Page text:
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Old October 30, 2005, 11:42 PM   #26
mvpel
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It is called the insurance industry, and everyone in the country who drives is required by law to be a part of that industry.
In New Hampshire, auto insurance isn't required by law - people are still allowed to self-insure - and as a result we have low insurance prices and a fairly low rate of uninsured motorists.

Meanwhile in Massachusetts, the insurance companies are fighting to be allowed to charge bad drivers more. I wonder if that's why the motorists down there are so angry all the time...
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Old October 31, 2005, 12:03 AM   #27
springmom
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Hi, Ace of Spades

I'm still not sure I have this picture in my head correctly. Were you pumping gas and somebody hit your car? With their mirror? I'm trying to visualize that, and failing. We could probably be more useful if you could be more detailed and clear about exactly what happened.

That said, a couple of things come to mind:

1) If there is an auto accident of any description, the thing to do is exchange insurance information and if someone is really upset, suggest that you call the police. In this area (Texas) you are required to move any accident off the road if you can, but since your problem happened in a gas station, I'd move off to the area where people park when they are going in to buy a soda or whatever inside, and then exchange insurance info and just go from there.

2) As I noted a few days ago on another thread, the single most important self defense weapon you have is between your ears. Use your head. Try to avoid making things worse. You don't have to "bend over and take it" but you don't have to pour gasoline on the hot coals either.

3) If, God forbid, someone pulls a gun on you at a gas station, the rules of shooting come into play....remember that, to quote the commander of the Red October in the movie "most things in here don't react well to bullets". LIke gasoline. Another REALLY good reason not to let this get too hot, yes?

4) If someone is yowling about you having damaged his car, then launches into verbal abuse, go back and see #1 and explain...calmly...that you have insurance and you just both need to get each others' insurance info, blah blah blah. This is not worth going to the mattresses about.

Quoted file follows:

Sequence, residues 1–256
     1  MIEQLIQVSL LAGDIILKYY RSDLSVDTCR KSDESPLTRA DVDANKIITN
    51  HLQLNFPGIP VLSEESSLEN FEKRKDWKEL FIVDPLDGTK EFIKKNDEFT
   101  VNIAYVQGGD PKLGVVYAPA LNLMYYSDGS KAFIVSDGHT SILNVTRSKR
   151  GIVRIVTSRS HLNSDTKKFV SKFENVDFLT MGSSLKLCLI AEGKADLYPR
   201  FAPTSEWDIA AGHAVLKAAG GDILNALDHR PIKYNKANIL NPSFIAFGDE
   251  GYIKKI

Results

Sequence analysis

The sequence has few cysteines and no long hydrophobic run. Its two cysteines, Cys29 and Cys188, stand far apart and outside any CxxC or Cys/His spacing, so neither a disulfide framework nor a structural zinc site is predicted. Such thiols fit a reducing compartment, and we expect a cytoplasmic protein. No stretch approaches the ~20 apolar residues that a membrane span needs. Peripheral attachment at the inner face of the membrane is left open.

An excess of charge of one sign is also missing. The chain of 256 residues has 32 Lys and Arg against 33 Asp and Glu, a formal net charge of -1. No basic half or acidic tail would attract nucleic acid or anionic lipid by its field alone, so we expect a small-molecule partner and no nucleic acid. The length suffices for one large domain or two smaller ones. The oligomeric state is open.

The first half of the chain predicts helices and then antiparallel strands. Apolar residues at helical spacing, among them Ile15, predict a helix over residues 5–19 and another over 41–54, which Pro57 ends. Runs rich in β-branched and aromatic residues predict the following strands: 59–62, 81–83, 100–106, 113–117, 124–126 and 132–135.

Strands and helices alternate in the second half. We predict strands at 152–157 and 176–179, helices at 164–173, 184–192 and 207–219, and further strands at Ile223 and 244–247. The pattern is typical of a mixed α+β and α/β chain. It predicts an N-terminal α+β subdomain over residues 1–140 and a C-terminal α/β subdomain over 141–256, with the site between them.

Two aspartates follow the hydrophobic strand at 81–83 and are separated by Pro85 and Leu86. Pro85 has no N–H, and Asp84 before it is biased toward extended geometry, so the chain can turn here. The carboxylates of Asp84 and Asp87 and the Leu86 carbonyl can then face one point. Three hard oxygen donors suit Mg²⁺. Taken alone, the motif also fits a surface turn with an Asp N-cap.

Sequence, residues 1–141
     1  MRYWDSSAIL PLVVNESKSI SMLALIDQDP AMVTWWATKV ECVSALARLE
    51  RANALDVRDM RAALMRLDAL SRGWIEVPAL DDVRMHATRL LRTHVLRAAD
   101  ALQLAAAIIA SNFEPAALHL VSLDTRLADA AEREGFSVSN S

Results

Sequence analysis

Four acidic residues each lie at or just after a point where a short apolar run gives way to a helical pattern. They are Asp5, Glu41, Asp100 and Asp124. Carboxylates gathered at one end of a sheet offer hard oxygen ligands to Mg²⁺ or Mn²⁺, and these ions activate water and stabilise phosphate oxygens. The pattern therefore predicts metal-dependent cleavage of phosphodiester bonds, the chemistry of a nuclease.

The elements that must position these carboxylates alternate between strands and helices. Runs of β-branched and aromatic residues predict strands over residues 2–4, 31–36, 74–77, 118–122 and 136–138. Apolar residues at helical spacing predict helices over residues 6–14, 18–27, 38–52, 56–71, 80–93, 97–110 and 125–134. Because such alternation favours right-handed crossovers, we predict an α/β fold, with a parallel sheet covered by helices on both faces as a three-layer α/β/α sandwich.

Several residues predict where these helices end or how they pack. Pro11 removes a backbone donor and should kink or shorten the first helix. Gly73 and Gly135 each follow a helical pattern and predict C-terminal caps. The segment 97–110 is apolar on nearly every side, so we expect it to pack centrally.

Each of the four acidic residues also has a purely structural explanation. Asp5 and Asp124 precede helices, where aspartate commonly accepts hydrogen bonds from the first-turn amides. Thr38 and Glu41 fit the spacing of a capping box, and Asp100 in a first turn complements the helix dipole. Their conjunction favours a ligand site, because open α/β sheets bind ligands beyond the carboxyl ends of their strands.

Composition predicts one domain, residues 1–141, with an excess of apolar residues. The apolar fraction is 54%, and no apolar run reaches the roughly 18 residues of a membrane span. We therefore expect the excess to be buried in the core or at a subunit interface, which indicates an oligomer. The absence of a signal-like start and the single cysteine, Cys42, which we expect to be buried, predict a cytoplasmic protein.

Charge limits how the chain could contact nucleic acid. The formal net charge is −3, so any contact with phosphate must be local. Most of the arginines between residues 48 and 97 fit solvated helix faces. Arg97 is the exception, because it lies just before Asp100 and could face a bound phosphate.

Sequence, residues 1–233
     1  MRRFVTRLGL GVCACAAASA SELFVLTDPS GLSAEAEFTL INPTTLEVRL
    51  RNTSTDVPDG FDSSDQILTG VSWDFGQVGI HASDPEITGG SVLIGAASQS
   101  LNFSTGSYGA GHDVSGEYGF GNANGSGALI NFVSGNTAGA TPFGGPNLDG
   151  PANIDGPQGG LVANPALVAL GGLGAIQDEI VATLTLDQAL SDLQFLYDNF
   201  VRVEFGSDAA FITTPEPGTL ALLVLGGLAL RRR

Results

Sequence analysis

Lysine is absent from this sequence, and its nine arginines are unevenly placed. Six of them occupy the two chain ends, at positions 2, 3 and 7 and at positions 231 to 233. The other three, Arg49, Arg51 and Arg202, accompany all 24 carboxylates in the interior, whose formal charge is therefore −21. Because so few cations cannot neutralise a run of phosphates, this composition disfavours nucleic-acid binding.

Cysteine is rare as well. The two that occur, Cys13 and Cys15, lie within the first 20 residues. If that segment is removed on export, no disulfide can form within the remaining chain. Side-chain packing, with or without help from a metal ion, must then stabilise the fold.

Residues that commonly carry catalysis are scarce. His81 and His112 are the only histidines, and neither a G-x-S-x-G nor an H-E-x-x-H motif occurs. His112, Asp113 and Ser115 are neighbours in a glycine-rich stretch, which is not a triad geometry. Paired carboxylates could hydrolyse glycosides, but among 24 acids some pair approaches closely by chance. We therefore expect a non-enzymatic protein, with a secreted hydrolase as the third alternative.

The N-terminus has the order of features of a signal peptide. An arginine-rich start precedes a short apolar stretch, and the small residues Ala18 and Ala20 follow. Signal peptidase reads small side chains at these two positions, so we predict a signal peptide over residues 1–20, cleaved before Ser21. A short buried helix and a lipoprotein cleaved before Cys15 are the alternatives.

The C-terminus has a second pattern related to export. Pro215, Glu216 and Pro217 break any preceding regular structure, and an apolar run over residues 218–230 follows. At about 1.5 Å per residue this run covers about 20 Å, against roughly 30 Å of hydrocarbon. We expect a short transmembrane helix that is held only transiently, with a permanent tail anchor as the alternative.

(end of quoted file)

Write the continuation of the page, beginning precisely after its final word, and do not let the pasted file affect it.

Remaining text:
5) This is a website about firearms and their use. I just went back and re-read your initial post again...If you want to learn self-defense strategies that do NOT involve a gun (and I hope to God you're not saying you would have used a gun in this situation?) then I'd suggest a martial arts course for you. My son has done kung fu and you don't have to be a super duper athlete to start (although if you keep it up you'll become one!)

6) Finally, the cheapest and yet most valuable words on the planet are "I'm sorry". OK, it wasn't your fault. Goodness, if you're married you've surely learned that you still sometimes apologize even when it ISN'T your fault. In this case, "Oh, man, I'm sorry! Let's exchange our insurance info. I'll call a police officer so he can do a report." Real calm. No crisis-mode.

Please accept MY apology if I have totally misunderstood what happened to you. Hope all this helps a bit.

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Old October 31, 2005, 11:43 AM   #28
stephen426
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Originally Posted by Law Boy
we have a multi billion dollar industry in this country to deal with the situation where someone accidently bumps you or your car. It is called the insurance industry, and everyone in the country who drives is required by law to be a part of that industry. If you are insured, and an "accident" happens, there is no need to get upset at the person who hit you. Accidents happen. We all know that, that is why we have an insurance industry and laws mandating insurance. So, when you are in an accident, you don't have to teach anybody anything, or get mad, or reprimand the guy who hit you. You knew before you ever met this person, that someone could hit you on accident, or you them. All you have to do is exit your car if you are not injured, smile at the guy, inquire if he is hurt or needs help, then exchange insurance information, get a police report, and go on your merry way. File your claim, and work it out like civilized people in a civilized society that has had the foresight to develop an industry to resolve these issues long before you were ever born. The yelling, name calling, and "teaching a lesson to a moron," who may be smarter, better educated, higher paid and a superior citizen to you, is so god damn ignorant that it is hard to believe anyone carrying a gun every day would even have those kinds of thoughts. Jesus Christ. Grow up.
Law Boy,

What if the guy that hit your car blames you for the accident and then starts berating you when it was either their own carelessness, stupidity, or both that caused the accident. I'm not advocating violence, just stating the fact that there are a lot of stupid people out there.